Tuesday, May 18, 2010

Larry Wolff's "The Idea of Galicia"

Larry Wolff is professor of European history at NYU, and director of the NYU Center for European and Mediterranean Studies. His research focuses on Central and Eastern Europe, and his books include Inventing Eastern Europe: The Map of Civilization on the Mind of the Enlightenment, Venice and the Slavs: The Discovery of Dalmatia in the Age of Enlightenment, and Postcards from the End of the World: Child Abuse in Freud’s Vienna.

He applied the “Page 99 Test” to his new book The Idea of Galicia: History and Fantasy in Habsburg Political Culture, and reported the following:
Page 99 is actually one of my favorite pages in The Idea of Galicia. It describes Alexander Fredro, the greatest comic dramatist in Polish literature (sometimes called the Polish Molière), sending a live captured bear from the Carpathian Mountains in 1826 as a welcoming gift to the new governor of Galicia (the province was part of the Habsburg monarchy and ruled by the Habsburg emperor from Vienna with a governor named by the emperor). Fredro writes a comical letter to present the bear to the governor, and I quote the letter on page 99:
“My Prince! I hasten to send to Your Highness a bear from the Beskidy mountains [a range of the Carpathians]... The pious and loyal physiognomy promises much, and it is to be supposed that cubs will find in him a worthy preceptor. I believe that it would be well to be reassured for the future by the Italian manner of his sweetness and of his good conduct; there may also exist among his numerous talents that of singing.”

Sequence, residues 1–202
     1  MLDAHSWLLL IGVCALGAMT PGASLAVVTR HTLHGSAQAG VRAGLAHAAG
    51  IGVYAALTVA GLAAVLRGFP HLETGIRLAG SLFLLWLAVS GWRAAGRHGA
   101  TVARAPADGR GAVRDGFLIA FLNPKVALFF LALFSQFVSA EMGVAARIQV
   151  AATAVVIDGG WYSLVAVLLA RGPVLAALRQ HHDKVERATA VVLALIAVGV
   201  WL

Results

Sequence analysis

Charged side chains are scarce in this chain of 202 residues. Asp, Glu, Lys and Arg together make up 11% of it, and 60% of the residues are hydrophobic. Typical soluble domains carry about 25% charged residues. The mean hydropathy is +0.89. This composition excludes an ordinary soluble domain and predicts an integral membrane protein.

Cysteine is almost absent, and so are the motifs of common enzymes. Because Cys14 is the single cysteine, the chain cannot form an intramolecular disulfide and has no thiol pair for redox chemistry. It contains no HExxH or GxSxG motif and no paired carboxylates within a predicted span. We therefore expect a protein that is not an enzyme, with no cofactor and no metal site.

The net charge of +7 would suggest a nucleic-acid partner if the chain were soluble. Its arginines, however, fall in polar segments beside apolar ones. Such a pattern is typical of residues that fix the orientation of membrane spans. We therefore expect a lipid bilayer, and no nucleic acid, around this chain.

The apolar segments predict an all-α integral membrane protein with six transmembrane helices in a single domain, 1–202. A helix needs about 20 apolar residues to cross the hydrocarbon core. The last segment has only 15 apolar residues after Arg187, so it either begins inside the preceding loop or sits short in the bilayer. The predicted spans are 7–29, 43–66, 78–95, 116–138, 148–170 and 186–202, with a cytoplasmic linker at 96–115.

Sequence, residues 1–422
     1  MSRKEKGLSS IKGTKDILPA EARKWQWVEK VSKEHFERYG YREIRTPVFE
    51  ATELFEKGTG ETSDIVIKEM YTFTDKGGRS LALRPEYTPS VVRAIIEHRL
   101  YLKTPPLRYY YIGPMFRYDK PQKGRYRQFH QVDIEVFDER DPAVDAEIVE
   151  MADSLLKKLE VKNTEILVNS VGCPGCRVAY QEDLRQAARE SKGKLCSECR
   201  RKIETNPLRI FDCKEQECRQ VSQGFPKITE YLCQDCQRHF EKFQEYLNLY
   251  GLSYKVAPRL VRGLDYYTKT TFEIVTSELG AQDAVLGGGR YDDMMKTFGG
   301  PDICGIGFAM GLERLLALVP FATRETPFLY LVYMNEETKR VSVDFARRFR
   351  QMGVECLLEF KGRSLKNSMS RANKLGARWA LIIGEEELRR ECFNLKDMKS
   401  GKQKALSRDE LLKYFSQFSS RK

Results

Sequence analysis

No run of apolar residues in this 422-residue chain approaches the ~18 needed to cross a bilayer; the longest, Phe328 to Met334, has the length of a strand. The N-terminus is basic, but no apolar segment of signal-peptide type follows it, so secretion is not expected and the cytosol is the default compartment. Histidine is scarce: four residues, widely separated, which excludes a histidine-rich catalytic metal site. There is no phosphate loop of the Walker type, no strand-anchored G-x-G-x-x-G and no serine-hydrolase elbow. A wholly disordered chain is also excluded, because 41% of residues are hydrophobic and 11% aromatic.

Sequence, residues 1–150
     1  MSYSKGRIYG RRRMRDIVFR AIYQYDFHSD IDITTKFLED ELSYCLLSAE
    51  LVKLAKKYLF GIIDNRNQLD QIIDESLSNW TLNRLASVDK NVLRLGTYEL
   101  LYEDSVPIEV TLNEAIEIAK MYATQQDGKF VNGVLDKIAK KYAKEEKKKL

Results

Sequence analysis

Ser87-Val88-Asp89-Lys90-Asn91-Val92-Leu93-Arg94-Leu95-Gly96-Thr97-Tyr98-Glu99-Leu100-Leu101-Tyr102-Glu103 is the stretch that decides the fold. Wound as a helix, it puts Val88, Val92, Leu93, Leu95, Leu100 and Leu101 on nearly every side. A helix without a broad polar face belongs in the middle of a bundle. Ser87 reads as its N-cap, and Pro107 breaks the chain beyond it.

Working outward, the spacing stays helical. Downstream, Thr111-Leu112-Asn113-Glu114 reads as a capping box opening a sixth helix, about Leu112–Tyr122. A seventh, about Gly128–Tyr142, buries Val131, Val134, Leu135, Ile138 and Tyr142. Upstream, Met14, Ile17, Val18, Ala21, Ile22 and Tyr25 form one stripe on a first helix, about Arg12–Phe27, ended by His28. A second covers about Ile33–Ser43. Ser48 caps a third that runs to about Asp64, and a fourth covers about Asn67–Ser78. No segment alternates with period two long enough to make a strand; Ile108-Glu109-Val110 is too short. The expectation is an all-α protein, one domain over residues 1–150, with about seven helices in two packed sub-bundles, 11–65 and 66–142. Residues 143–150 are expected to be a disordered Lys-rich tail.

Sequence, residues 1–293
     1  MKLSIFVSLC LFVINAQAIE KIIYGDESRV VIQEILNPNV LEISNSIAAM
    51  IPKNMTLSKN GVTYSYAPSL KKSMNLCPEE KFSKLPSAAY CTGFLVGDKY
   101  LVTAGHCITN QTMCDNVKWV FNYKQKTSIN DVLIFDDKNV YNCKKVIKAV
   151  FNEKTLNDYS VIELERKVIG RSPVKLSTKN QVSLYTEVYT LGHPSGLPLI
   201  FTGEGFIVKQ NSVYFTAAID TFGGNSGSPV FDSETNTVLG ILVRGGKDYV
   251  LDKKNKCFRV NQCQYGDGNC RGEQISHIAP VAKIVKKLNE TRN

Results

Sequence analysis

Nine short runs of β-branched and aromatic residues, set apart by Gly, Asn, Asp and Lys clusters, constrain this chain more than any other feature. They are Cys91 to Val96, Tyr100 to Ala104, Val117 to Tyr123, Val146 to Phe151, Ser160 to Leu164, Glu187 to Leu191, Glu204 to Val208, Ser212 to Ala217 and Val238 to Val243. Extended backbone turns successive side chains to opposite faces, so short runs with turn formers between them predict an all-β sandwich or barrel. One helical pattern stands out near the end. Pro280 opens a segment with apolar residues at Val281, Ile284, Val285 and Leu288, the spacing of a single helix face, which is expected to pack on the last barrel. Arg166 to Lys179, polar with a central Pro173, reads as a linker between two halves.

I then discuss the ways in which this letter is not simply comical, but suggests an imperial-provincial dynamic: the wildness of Galicia represented by the bear from the mountains, and the loyalty of the Galicians to the governor and the emperor implicit in the “pious and loyal physiognomy” that Fredro claimed to see in the face of the bear (as well as Italianate sweetness, “good conduct,” and even musical talent). Still, Fredro and the governor both knew that a wild bear was a wild bear, and might take you by surprise.

The purpose of the book is to explore the whole history of Galicia, from its creation in the 18th century to its abolition after World War I, through a study of the “idea” of the place: how people who lived there, or governed there, thought about the province (for instance, its supposed wildness). This becomes a kind of labor of historical archaelogy, since Galicia has been gone from the map since 1918, and only exists today as a memory or phantom. Still, it’s a meaningful memory for the people who live in that territory today (southern Poland and western Ukraine), and even for the great number of Polish-Americans, Ukrainian-Americans, and Jewish-Americans, whose families emigrated from Galicia. Jewish ethnography still often makes use of the category of the Galitzianer.

The other thing I like about page 99 is the discussion of Franz Xaver Wolfgang Mozart, the younger son of the great Wolfgang Amadeus Mozart. Franz Xaver was a musician like his father, but, alas, not nearly as talented, and he left Vienna to try to make his career in the provinces, that is, in the province of Galicia. He initially approached Galicia with a very condescending Viennese attitude, but he came to regard it as a kind of home and formed connections with Polish musicians and noble families (he gave piano lessons to their children). Franz Xaver fell in love with the wife of a Habsburg bureaucrat who worked for the governor, and that kept bringing the musician back to Galicia even though he meant to move on. In 1826 (on page 99), Franz Xaver was leading a performance of his father’s Requiem in the Ukrainian church of St. George in Lviv, marking the 35th anniversary of his father’s tragically early death.
Read more about The Idea of Galicia at the publisher's website and visit Larry Wolff's faculty webpage.

--Marshal Zeringue